The genus name Cosmos derives from the Greek word kosmos, literally translated as ‘beauty’ (Smith, 1972) with a “root idea of orderliness; hence an ornament or beautiful thing” (Bailey, 1924). The species name sulphureus is in reference to the orange-yellow colours of the plant’s flower (Smith, 1972).

Description

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C. sulphureus is an annual herb 0.3-2 m tall, taprooted. Stems erect, branched, glabrous or sparsely pilose to hispid. Leaves cauline, alternate, deeply lobed; petioles 10-70 mm long; blades 50-250 mm long; ultimate lobes 2-5 mm wide; margins sparsely spinulose-ciliate; apices apiculate. Synflorescences 100-200 mm long, spreading-ascending; bractlets linear-subulate 5-10 mm long with acute apices. Capitula 6-10 mm diameter; involucral bracts erect, oblong-lanceolate, 9-18 mm long with acute to rounded-obtuse apices; ray florets 8(+ in some cultivars) golden yellow to red-orange; laminae obovate, 18-30 mm long with truncate, denticulate apices; disc florets 6-7 mm long. Cypselae light brown, flattened, 1.5-3 mm long, hispidulous, rarely glabrous; pappus absent, or with two or three widely divergent awns, 1-7 mm long (description compiled from Beentje and Hind, 2005; Kiger, 2006; Chen and Hind, 2011; C Puttock, Smithsonian Institution, USA, personal observation).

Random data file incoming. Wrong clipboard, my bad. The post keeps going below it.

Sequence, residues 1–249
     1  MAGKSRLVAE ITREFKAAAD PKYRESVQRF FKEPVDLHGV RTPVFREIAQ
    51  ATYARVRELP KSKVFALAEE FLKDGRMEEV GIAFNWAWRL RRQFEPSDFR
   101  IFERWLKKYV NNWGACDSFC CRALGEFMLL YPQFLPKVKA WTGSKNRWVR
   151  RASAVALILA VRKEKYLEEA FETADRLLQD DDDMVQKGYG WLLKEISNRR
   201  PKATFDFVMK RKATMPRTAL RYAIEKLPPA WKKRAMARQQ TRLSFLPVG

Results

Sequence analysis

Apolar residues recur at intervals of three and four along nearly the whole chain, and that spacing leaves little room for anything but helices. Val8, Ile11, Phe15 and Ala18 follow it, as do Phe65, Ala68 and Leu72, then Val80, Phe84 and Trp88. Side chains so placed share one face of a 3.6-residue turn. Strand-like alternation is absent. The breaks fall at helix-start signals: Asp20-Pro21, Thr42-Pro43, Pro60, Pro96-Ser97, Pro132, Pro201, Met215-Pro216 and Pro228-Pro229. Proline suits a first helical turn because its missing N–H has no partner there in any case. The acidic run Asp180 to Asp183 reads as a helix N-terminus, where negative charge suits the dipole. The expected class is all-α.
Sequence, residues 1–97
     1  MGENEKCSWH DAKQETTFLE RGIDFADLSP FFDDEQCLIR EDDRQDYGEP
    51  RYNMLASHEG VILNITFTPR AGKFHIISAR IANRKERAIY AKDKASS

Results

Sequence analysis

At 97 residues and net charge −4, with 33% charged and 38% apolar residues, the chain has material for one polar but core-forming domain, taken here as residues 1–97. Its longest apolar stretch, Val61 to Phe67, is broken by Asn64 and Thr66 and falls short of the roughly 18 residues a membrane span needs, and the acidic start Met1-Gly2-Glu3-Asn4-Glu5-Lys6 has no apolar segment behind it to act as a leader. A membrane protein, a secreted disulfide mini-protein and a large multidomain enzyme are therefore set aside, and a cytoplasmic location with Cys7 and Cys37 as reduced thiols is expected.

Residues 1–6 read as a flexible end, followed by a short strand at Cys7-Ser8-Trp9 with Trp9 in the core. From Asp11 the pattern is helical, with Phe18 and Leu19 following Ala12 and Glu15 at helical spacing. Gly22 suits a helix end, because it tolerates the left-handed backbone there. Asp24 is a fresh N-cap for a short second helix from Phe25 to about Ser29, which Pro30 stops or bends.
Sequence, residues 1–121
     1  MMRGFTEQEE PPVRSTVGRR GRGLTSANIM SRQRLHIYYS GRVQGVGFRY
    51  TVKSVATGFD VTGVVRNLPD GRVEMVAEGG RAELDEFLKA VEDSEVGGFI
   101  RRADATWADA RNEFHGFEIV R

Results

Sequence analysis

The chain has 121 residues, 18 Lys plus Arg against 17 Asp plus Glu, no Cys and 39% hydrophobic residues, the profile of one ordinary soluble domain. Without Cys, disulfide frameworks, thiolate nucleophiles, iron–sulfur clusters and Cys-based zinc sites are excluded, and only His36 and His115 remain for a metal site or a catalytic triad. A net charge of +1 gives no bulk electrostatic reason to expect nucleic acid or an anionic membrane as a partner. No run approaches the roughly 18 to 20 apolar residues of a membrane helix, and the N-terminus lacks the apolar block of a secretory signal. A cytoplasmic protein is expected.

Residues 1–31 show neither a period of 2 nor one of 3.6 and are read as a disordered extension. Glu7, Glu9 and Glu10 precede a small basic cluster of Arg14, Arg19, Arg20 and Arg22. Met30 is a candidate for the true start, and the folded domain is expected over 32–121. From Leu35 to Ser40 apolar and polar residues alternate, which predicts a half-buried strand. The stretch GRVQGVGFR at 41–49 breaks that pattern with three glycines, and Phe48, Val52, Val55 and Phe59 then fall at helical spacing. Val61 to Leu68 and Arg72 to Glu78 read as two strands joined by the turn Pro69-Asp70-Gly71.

Plant Type

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Annual
Herbaceous
Seed propagated

Distribution